In this inspiring Upstream Indisposable Podcast episode, host Priscilla Johnson talks with our Executive Director José Bravo about building grassroots power and bringing restorative justice to frontline communities.
José says, “There is nothing like knocking on somebody’s door and having a conversation, and building community. That’s super important because you start to understand that there are people who think like you, and there are people who understand where things should be.”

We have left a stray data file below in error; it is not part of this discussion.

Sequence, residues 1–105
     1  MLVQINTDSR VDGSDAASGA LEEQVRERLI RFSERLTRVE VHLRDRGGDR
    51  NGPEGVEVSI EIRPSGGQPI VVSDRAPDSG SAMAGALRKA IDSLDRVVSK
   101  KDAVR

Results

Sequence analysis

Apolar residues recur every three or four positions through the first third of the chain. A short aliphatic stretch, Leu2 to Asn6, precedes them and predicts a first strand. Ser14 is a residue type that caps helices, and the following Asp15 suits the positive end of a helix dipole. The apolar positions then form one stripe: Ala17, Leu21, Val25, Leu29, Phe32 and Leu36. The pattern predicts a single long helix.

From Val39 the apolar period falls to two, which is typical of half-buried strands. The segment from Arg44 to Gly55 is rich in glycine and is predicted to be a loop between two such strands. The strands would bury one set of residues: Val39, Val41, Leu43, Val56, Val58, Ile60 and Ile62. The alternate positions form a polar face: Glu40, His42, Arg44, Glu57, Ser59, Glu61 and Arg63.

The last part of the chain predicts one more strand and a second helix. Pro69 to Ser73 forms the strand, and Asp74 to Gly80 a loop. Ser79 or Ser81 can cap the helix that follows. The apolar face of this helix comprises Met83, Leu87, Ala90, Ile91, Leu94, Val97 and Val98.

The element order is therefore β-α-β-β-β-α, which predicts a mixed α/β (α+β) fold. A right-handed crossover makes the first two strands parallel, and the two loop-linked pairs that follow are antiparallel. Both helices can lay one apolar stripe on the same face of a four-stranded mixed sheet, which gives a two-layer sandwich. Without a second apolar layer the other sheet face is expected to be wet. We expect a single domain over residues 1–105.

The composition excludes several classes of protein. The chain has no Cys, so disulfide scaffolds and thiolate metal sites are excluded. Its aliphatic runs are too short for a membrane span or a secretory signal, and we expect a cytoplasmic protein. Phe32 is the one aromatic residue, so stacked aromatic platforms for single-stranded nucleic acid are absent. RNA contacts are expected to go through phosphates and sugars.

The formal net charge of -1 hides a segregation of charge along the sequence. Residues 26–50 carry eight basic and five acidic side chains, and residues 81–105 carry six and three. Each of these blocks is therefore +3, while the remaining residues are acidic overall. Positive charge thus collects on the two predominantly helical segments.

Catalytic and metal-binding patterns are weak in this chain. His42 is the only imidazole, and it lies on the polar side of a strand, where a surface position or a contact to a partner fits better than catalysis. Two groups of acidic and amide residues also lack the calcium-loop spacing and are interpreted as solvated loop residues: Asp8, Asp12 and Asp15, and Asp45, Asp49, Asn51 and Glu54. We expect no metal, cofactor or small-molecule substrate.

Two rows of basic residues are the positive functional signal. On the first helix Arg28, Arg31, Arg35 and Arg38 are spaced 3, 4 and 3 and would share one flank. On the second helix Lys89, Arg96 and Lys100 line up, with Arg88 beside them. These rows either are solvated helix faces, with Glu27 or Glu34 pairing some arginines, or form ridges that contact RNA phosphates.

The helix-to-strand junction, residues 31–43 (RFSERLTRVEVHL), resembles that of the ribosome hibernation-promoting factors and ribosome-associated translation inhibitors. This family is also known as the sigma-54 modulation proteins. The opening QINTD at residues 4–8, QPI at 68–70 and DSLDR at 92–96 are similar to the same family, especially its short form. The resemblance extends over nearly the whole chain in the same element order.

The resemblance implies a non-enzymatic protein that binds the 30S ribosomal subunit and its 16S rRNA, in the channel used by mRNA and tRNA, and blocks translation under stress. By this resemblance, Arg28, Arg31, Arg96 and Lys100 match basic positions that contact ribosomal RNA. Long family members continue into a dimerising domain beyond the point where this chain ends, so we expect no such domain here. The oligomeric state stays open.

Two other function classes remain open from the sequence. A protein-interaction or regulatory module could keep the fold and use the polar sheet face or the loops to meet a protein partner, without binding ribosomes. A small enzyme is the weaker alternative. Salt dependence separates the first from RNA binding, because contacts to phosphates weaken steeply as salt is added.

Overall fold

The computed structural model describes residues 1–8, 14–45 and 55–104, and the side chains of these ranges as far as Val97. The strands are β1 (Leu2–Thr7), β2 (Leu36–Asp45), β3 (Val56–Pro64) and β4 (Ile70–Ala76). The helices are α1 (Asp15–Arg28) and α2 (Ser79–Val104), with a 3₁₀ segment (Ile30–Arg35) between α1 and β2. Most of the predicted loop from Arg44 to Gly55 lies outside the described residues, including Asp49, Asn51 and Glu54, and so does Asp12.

Later, he describes how “There’s been a lot of game-changing solutions. In particular, when we’re talking about exposure to chemicals, I think that there are communities that are over-impacted by the exposure to chemicals. There’s communities that have literally the extraction of what will later become a chemical, the production of that chemical, the use of that chemical, and then later the disposal of that chemical. So, in communities of color and low-income communities in the United States in this case, we see that chemicals keep on giving at different parts of the cycle of production and use. And I think for us, it’s about forming local economies to scale.” José elaborates, “The solutions are local economies to scale, and we’re seeing that happen. We’re seeing farmworker communities actually work their own land and produce their own food for their own people. So there’s examples of Familias Unidas por la Justicia up in the Bellingham area of Washington, where folks have said, ‘We’re going to purchase our own land, we’re going to produce the things that we need, and it’s going to be sustainable and non-toxic.'”